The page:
lists.openwall.net   lists  /  announce  owl-users  owl-dev  john-users  john-dev  passwdqc-users  yescrypt  popa3d-users  /  oss-security  kernel-hardening  musl  sabotage  tlsify  passwords  /  crypt-dev  xvendor  /  Bugtraq  Full-Disclosure  linux-kernel  linux-netdev  linux-ext4  PHC 
Open Source and information security mailing list archives
 
Hash Suite: Windows password security audit tool. GUI, reports in PDF.
[<prev] [next>] [<thread-prev] [thread-next>] [day] [month] [year] [list]
Date:	Sat, 14 Sep 2013 04:48:02 +0100
From:	Al Viro <viro@...IV.linux.org.uk>
To:	Tetsuo Handa <penguin-kernel@...ove.SAKURA.ne.jp>
Cc:	keescook@...omium.org, joe@...ches.com, linux@...izon.com,
	akpm@...ux-foundation.org, dan.carpenter@...cle.com,
	davem@...emloft.net, eldad@...refinery.com, jbeulich@...e.com,
	jkosina@...e.cz, linux-kernel@...r.kernel.org,
	rdunlap@...radead.org
Subject: Re: [PATCH] vsprintf: drop comment claiming %n is ignored

On Sat, Sep 14, 2013 at 04:05:21AM +0100, Al Viro wrote:
> Again, the normal return value of ->show() is 0 and that includes the case of
> overflow.  THE ONLY reason to check for overflow early is when subsequent
> output of ->show() takes long to generate and we want to skip that and
> have seq_read() do realloc-and-call-show-again immediately.  And in that
> case the right fix is often to get saner iterator and stop shoving everything
> into a single ->show() call...

Actually, let's take a look at the suckers.

* a bunch in arch/arm/plat-pxa/dma.c:dbg_show_requester_chan(): all buggy;
shouldn't care about pos at all and return 0.   Additionally,
dbg_show_descriptors() is buggy _and_ dumb - max_show shouldn't exist at all
and it shouldn't be using single_open(); it's iterating over a linked list,
for fsck sake...

* cris fasttimer: apparently valid "skip pointless work if we'd overflown"
uses; not sure if it's really needed here.

* cris show_cpuinfo(): buggy, should return 0 regardless.

* microblaze show_cpuinfo(): pointless sum is calculated and never used.

* openrisc show_cpuinfo(): buggy, should return 0 regardless.

* s390 pci_perf_show(): ditto.

* mtrr_seq_show(): pointless sum is calculated and never used.

* print_wakeup_source_stats(): buggy, should return 0 regardless.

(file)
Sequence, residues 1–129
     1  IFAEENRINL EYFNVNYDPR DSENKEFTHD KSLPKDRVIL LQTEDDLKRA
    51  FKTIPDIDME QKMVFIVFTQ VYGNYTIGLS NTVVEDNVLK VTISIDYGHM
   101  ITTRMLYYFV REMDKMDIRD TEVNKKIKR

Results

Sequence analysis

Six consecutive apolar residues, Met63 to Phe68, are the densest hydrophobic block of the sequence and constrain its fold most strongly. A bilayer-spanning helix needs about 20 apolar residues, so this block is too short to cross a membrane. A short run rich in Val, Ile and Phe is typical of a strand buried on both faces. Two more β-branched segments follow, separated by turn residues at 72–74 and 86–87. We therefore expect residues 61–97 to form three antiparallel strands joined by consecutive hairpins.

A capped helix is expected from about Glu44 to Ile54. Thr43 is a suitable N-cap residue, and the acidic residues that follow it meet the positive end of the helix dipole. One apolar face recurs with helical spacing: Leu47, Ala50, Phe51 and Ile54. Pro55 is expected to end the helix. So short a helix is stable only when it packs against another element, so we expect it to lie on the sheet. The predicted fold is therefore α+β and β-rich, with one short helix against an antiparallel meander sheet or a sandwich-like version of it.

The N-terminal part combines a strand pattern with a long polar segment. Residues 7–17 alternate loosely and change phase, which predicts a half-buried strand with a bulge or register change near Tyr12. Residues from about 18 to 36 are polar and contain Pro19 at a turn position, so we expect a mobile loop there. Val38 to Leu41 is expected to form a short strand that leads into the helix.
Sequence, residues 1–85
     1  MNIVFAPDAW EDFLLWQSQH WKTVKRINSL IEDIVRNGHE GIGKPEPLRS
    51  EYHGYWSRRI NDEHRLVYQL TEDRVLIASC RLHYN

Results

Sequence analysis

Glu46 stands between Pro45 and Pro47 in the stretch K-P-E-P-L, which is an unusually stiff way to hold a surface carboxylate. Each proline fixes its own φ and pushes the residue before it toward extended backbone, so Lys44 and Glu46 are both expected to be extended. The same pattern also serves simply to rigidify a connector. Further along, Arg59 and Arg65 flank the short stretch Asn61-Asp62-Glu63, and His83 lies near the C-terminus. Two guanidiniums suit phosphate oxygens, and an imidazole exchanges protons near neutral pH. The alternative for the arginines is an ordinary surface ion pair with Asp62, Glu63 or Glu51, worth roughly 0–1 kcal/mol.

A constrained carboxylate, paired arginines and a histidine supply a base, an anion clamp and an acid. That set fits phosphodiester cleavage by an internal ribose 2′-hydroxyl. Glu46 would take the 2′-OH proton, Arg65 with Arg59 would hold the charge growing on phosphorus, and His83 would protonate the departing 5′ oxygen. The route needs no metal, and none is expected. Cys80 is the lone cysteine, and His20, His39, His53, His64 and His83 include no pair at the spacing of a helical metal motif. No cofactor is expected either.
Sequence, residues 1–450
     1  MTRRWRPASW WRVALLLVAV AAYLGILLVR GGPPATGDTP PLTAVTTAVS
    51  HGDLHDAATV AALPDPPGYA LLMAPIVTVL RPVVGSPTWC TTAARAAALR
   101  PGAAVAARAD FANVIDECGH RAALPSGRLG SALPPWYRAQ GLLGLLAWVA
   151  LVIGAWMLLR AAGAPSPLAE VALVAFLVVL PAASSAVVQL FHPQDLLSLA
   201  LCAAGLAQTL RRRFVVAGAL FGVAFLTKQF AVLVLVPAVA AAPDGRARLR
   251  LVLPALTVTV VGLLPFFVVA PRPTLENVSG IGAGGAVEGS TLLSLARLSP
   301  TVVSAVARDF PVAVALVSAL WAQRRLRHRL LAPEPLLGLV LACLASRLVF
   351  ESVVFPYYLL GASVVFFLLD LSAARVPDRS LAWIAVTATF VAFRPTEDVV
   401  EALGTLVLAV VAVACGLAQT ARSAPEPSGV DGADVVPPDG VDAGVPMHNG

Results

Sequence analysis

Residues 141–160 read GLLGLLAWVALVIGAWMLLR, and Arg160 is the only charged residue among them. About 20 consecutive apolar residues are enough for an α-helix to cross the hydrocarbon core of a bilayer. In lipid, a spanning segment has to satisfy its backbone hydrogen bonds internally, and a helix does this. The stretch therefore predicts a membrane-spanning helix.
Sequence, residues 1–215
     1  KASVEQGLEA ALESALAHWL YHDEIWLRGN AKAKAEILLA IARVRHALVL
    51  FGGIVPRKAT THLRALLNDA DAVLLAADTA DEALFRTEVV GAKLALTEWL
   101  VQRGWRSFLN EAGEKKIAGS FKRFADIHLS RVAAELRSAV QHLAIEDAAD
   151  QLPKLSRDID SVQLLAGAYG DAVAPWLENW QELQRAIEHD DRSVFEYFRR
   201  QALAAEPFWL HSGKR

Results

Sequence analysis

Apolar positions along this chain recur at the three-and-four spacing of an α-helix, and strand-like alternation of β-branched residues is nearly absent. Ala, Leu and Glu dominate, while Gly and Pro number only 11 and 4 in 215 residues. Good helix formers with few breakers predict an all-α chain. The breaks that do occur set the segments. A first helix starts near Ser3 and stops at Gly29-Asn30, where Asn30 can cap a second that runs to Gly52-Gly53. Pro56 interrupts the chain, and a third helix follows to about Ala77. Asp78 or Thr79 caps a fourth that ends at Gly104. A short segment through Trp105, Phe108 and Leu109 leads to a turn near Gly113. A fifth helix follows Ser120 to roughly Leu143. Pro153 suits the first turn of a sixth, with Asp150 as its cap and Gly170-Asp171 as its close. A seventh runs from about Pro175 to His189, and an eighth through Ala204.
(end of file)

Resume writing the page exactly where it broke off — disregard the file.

* i8k_proc_show(): ditto.

* 3 ->show() instances in impi: ditto.

* i2o_report_query_status(): ditto.

* drivers/mfd/ab8500-debugfs.c:ab8500_registers_print(): legimitate use,
a side effect of lousy iterator, unfortunately complicated by the same
thing used for printk as well.

* same file, in ab8500_print_modem_registers() - return value of seq_printf()
is stored in local variable and immediately overwritten.

* same file, a metric arseload of return seq_printf(....): buggy, should
return 0.

* doc3g: ditto.

* drivers/parisc callers: pointless sums calculated and never used.

* drivers/regulator/dbx500-prcmu.c: somebody got religious about reporting
!!!scary!!! overflows.  Even though debugging printks are completely pointless
there.

* drivers/rtc: return value passed to caller and discarded there.  If it ever
stops being discarded, we'll get a bug.

drivers/s390/cio/blacklist.c: buggy, should return 0.

lustre: a bunch "should return 0" cases, AFAICS all of them are of that kind.

rtl8192*: a couple of such cases.

* drivers/usb/gadget/goku_udc.c: apparently valid uses, this time with what
looks like a damn good reason to skip extra work - it's reading from IO
ports and that can be slow.

* drivers/usb/gadget/pxa27x_udc.c: pointless sums discarded.

* debugfs_print_regs32(): should return 0.  The only caller ignores its
return value, fortunately, otherwise we'd have bugs.

* fs/dlm: valid, but very likely to be begging for better iterators.

* fs/proc children_seq_show(): buggy, should return 0.

* sysvipc_proc_show() and stuff it's calling (i.e. all show_... in
ipc/*): buggy, should return 0.

Enough for now...

Overall: I suspect that Joe might be right.  The very few callers that
use the return value and use it correctly can bloody well call
seq_overflow(), preferably with a detailed comment about the reasons
for doing so.  Anything that really wants the length of output (if we
have such places at all) can use %n or see Figure 1.  I haven't
crawled through lib/*, net/* and sound/* yet, but that's how the things
look so far.
--
To unsubscribe from this list: send the line "unsubscribe linux-kernel" in
the body of a message to majordomo@...r.kernel.org
More majordomo info at  http://vger.kernel.org/majordomo-info.html
Please read the FAQ at  http://www.tux.org/lkml/

Powered by blists - more mailing lists